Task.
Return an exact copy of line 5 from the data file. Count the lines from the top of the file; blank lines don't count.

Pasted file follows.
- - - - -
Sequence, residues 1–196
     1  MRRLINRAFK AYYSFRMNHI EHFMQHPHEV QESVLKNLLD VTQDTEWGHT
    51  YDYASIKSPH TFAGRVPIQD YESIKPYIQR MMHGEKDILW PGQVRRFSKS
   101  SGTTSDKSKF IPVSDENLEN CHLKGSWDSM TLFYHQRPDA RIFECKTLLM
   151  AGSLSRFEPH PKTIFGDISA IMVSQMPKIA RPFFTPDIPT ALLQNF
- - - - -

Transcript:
   151  AGSLSRFEPH PKTIFGDISA IMVSQMPKIA RPFFTPDIPT ALLQNF